`This book confirms David Harris' status as a leading theorist in contemporary culture and leisure in the UK. He offers a distinctive, coherent and authoritative guide to the major concepts and debates that should engage leisure scholars and scholarship' - Dr Peter Bramham, Senior Lecturer in Leisure Studies, Leeds Metropolitan UniversityWritten with the needs of today's student in mind, the SAGE Key Concepts series provides accessible, authoritative and reliable coverage of the essential issues in a range of disciplines. Written in each case by experienced and respected experts in the subject area, the books are indispensable study aids and guides to comprehension. Cross-referenced throughout, the format encourages understanding without sacrificing the level of detail and critical evaluation essential to convey the complexity of the issues.Key Concepts in Leisure Studies:• Provides a student-friendly guide to the key debates in leisure studies• Reflects recent developments in the field, encompassing related work in media studies, cultural studies, sports studies and sociology • Cross-references each 1500 word exposition to other concepts in the field• Offers definitions, section outlines and further reading guidance for independent learning• Is supported by the author's website http:/www.arasite.org/keyconc.html• Is essential reading for undergraduates and NVQ students in leisure studies.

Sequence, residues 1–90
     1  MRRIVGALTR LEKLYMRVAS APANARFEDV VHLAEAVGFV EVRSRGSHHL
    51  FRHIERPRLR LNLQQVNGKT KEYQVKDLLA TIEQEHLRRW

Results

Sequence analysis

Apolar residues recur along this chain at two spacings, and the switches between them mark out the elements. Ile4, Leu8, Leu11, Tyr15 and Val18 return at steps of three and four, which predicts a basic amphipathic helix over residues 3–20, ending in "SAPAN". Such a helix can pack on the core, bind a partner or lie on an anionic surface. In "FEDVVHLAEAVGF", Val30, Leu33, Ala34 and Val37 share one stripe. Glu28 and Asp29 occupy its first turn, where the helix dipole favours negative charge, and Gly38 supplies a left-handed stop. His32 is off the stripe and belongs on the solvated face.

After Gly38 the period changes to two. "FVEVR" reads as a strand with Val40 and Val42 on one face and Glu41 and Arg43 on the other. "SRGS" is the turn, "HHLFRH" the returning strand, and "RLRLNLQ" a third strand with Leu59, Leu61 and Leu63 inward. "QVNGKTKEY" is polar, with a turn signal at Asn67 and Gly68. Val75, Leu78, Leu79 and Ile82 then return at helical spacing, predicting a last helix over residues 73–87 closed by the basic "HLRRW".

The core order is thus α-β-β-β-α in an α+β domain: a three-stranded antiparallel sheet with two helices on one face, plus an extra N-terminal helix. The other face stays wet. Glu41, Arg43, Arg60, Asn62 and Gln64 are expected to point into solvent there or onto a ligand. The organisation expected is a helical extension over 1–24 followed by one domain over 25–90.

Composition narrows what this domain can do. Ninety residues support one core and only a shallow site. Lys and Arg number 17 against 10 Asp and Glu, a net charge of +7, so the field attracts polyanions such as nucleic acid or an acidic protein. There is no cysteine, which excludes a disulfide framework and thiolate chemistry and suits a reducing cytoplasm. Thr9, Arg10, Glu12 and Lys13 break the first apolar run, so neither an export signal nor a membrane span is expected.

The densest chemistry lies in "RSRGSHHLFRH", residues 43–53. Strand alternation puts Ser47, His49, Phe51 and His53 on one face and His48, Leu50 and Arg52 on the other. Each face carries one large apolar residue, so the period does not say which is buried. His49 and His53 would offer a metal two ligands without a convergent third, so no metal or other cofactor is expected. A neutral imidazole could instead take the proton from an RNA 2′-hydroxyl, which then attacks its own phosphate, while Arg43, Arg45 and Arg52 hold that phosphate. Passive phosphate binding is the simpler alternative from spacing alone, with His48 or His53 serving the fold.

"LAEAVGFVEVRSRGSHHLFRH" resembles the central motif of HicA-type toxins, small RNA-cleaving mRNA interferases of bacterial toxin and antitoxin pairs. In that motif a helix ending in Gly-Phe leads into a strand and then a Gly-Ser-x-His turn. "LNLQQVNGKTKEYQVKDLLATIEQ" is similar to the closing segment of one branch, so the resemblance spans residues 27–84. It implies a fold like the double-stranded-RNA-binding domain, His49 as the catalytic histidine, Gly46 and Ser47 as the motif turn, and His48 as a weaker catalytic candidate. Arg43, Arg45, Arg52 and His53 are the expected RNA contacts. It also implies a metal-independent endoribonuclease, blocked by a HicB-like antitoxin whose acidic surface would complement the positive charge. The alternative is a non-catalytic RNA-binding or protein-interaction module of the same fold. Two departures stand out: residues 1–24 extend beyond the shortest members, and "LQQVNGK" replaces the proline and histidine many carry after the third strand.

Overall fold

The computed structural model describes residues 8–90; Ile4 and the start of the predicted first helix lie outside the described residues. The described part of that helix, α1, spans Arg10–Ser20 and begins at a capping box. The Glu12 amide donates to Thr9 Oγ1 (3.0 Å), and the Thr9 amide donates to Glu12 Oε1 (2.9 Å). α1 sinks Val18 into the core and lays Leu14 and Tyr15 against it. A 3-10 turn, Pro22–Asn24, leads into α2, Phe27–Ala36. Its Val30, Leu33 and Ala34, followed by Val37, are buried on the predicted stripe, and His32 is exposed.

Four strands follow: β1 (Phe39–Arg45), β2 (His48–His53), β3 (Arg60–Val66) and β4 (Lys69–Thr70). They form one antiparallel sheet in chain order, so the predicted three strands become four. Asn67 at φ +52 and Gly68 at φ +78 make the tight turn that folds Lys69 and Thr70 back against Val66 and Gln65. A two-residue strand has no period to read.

Effects Analysis

Effects analysis

The social effects of exposure to violent TV or electronic games have been much researched and are of great interest to policy-makers in the field of leisure. Several research traditions have been developed. The term ‘effects analysis’ is used here to describe the overall effort to research effects, but it can also refer to a particular approach.

Section Outline:Concern about the effects of electronic leisure, especially among the working classes: moral panics. Violent behaviour as an effect. Research in different traditions and its general difficulties. Reviews of the findings of examples of research across the range – Anderson and Dill, Buckingham, and Gauntlett and Hill.

Social commentators have raised all sorts of concerns about the effects on the audience of exposure to anti-social behaviour ...

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